The ranking Republican on the House Foreign Affairs Committee says the Bush administration is not doing enough to target heroin traffickers in war-torn Afghanistan, who have resumed control of the world market and expanded their illicit trade into Europe, Canada and the United States.
“Many of us hoped that the recently announced administration’s revised Afghan counternarcotics strategy was the beginning of some new thinking and new initiatives on the crisis and developing cancer that today seriously threatens Afghan democracy,” said Rep. Ileana Ros-Lehtinen of Florida.
“However, many problems still remain, which the strategy does not help solve,” Mrs. Ros-Lehtinen said in a letter today to Thomas Schweich, the State Department coordinator for counternarcotics and justice reform in Afghanistan.
Mrs. Ros-Lehtinen said it has been “very disappointing” to many members of Congress “who tried to give the executive branch all the necessary legal tools and support needed ” to target major drug traffickers and war lords who “benefit from this massive illicit drug production and trade.”
Recent reports by the United Nations’ Office on Drugs and Crime (UNODC), the U.S. Drug Enforcement Administration (DEA) and the Royal Canadian Mounted Police said Afghanistan has become the world’s fastest-growing source of heroin — with a 34 percent increase in opium production over the past year.
About 92 percent of the world’s heroin comes from opium poppies grown in Afghanistan, according to the 2007 World Drug Report released in June by the UNODC, which also said opium cultivation accounted for nearly 60 percent of Afghanistan’s gross national product.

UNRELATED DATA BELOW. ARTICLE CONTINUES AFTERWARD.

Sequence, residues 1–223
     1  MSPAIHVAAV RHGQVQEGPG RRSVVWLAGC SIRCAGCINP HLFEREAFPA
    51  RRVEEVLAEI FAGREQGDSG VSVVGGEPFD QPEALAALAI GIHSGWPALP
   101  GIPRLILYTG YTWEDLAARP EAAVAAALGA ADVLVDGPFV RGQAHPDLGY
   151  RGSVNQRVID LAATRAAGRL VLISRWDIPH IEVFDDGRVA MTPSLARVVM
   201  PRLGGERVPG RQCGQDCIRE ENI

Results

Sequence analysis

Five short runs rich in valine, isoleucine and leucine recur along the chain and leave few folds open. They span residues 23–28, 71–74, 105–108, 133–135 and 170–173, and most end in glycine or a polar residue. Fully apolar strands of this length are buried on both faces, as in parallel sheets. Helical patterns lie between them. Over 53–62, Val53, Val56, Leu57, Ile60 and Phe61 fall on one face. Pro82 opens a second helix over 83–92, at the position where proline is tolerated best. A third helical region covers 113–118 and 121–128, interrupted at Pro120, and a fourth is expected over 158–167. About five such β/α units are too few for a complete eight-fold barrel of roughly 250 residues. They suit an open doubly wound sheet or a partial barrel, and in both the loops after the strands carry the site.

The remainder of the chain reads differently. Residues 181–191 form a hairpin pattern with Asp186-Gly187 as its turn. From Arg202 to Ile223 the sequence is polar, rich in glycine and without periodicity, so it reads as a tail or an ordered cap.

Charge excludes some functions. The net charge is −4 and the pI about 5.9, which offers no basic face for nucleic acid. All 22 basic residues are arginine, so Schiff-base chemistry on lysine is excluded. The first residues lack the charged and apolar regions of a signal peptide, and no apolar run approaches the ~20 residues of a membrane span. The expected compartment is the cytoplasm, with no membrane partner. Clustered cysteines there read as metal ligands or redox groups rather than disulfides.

Poppy production has expanded wildly since Hamid Karzai’s government took control in 2002. Last year, Afghan farmers produced 6,100 metric tons of opium, while farmers throughout the rest of the world cumulatively harvested 510 metric tons. Ten years ago, Afghanistan produced 2,248 metric tons of poppies.
Mrs. Ros-Lehtinen called the production increases “troubling,” adding that they were “further evidence” that a change in strategy and thinking on the counter-drug front in Afghanistan “is more critical than ever.”
Last year, Congress created in the USA Patriot Act a new extraterritorial offense of narcoterrorism to permit the U.S. government to go after major drug and war lords in Afghanistan when their illicit drugs or the proceeds from their sale are used to support acts of terrorism — even if the drugs are not coming into the United States.
Mrs. Ros-Lehtinen said Congress also worked to secure the support of the Colombian National Police to help the DEA in a hostile environment such as Afghanistan.
“The CNP has years of tactical experience, operational planning and expertise on taking down these kingpins and their infrastructure, which the DEA did not have in such a harsh, dangerous and hostile security climate as in Afghanistan today,” she said.